A Little Raskin: Craft Distillers' Private Concerns

I-1183 neutralizes the state's booze biz.

Washington's craft distillers are studiously avoiding taking a stand in the Initiative 1183 fight, citing business-related hazards associated with both positions.

"Most of the small guys, we've tended to stay out of it," says Steven Stone, founder of Sound Spirits in Interbay. "If we come out for it, we've pissed off the only retailers of our products. And if you come out against it, you might upset the public." Stone says that when he criticized an earlier liquor-privatization measure on his Facebook page, he was called a communist.

The distillers' neutral stance also reflects the confusion surrounding the initiative. According to Stone, it's not entirely clear whether craft distillers would sell more or less product if the state got out of the liquor business. The initiative would preserve onsite sales and sampling and allow distillers to sell directly to retailers, creating a new potential stream of revenue. But Stone thinks the initiative could also impede the industry's ability to reach new customers by indirectly limiting selection statewide and artificially inflating prices.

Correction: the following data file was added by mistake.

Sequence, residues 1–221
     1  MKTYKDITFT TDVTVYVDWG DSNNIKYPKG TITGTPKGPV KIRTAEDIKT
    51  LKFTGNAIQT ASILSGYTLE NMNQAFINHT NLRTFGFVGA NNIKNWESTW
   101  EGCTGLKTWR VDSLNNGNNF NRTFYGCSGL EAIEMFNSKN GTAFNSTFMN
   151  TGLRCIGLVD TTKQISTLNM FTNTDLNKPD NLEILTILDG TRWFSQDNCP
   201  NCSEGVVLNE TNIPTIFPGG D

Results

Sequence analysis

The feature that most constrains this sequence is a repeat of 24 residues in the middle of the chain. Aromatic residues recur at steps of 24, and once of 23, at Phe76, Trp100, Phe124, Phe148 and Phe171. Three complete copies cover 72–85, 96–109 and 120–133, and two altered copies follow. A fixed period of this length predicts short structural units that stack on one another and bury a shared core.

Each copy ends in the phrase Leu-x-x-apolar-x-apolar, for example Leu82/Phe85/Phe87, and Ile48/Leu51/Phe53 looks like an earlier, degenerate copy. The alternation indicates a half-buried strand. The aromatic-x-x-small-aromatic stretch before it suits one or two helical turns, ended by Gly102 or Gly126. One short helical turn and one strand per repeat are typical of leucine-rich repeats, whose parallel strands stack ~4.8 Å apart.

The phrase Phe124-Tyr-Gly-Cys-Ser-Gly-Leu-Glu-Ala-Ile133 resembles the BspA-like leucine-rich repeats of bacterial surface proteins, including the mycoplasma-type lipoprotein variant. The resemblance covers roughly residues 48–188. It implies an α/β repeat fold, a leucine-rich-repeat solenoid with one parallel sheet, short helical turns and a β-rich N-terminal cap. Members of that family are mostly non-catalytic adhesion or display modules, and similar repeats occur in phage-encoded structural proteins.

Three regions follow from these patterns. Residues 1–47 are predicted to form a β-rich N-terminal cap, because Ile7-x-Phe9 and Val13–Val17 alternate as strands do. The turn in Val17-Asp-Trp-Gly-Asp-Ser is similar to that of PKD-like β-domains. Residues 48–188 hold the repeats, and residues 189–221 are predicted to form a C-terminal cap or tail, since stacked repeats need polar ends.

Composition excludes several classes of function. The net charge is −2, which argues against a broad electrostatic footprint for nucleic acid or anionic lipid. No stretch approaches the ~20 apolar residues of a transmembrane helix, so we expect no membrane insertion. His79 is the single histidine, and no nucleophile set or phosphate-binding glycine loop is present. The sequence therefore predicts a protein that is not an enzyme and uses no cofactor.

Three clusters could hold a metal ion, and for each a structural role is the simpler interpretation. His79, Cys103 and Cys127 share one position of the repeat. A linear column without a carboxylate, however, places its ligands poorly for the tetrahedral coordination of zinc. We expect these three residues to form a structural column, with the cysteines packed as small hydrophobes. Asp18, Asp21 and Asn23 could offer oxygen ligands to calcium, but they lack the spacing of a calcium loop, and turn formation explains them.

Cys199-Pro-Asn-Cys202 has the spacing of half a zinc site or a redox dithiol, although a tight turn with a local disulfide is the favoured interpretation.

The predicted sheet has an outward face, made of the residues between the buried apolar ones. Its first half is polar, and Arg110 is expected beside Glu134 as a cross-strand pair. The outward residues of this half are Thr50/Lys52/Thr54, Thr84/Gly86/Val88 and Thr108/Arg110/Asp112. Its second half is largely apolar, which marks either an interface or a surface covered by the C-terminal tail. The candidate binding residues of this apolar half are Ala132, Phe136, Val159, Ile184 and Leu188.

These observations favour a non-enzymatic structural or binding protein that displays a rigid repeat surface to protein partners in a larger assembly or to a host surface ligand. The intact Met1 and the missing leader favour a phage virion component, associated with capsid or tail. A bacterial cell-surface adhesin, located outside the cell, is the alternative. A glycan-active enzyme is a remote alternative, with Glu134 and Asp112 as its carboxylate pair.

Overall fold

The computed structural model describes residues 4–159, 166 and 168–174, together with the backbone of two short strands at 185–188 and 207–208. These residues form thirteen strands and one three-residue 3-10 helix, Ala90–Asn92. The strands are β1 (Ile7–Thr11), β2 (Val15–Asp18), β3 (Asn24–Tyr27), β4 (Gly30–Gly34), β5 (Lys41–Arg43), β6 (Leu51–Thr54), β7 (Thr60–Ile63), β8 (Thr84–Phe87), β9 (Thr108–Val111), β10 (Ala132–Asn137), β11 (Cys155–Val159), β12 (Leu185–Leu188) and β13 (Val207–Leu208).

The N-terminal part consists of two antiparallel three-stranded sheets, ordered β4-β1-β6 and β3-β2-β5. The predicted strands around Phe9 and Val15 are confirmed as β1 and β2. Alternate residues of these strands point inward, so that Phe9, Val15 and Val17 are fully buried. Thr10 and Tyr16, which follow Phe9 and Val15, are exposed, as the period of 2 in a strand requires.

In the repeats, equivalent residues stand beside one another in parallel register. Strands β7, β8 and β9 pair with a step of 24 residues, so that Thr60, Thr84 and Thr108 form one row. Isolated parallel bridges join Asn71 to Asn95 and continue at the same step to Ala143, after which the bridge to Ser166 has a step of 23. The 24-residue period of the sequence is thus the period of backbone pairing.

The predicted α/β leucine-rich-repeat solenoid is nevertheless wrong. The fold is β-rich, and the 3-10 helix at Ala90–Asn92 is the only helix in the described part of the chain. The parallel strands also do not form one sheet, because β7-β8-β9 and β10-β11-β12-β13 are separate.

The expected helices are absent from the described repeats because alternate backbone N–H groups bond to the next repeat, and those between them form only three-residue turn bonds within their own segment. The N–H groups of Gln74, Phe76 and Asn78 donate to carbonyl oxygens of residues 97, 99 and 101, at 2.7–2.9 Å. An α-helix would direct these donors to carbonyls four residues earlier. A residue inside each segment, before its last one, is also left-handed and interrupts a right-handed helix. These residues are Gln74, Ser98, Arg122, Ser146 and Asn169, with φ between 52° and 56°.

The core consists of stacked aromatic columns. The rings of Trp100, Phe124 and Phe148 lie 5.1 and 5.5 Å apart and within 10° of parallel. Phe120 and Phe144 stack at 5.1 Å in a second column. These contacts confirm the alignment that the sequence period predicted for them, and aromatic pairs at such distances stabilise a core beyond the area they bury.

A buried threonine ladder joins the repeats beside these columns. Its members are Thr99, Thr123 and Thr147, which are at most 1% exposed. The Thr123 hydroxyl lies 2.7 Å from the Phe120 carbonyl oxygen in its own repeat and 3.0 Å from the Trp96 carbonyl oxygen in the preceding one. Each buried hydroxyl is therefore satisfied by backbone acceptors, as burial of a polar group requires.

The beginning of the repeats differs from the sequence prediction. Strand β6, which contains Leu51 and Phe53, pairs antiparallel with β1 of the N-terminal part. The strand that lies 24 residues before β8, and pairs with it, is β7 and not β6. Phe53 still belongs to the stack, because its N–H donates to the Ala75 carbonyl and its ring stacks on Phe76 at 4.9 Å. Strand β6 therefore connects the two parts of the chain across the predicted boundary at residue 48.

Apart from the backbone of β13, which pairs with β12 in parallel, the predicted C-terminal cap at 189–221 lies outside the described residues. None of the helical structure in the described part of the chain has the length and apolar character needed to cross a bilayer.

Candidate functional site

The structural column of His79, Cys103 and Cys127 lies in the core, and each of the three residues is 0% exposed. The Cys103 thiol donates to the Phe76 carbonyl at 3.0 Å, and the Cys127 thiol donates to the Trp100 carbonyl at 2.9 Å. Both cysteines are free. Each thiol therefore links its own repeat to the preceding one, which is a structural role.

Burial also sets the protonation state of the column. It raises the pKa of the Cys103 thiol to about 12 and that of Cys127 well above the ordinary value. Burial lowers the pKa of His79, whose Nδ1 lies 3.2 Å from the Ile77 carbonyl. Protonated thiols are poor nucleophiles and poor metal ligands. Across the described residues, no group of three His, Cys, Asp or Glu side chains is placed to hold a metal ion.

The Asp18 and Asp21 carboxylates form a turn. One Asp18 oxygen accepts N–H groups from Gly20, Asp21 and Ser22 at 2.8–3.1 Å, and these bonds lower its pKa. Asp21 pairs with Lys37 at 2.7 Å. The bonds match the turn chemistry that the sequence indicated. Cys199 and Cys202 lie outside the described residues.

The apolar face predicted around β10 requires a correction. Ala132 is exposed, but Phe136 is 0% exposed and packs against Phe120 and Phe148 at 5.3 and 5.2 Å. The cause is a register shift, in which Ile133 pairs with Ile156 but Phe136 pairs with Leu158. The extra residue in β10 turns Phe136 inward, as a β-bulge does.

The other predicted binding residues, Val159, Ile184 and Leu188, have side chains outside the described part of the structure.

Currently, if a drinker wants to buy a case of spirits, a state-run liquor store will fill the order. But grocery stores are less likely to be so accommodating, Stone says. "Groceries only want to carry the brands that are most popular," Stone says. "PCC and Whole Foods will probably want our stuff, but a new brand that's just getting started, how do they get on the truck?"

The initiative's barring of liquor sales in stores with fewer than 10,000 square feet of retail space might also further homogenize liquor choices. The provision was created to keep gas stations from selling liquor, but also prevents the creation of specialty spirits stores. "I don't like the fact that an average Joe can't open up a store," Stone says, suggesting that stores which devote 99 percent of their shelf space to beer, wine, and spirits should have been exempted from the ban.

Stone warns that the state needs to do more than privatize liquor sales if it wants its craft distillers to have a shot at competing with California. "Our liquor taxes are four times the rate they pay in California, and our sales tax is double," says Stone, who's told his distilling pals they should consider drafting an initiative to slash liquor taxes. Initiative 1183 will slap an additional 20 percent fee on liquor, which Stone strongly suspects "will get passed on to consumers."

Still, Stone thinks nobody really knows what will happen if the initiative passes. "The bottom line is it's extremely complicated for the small guy," he says. "There are good things and bad things for us. Something as complicated as this, it's not all foreseeable."

He adds: "We kind of know the way the system works now, though, so it's hard not to be worried."

hraskin@seattleweekly.com

 
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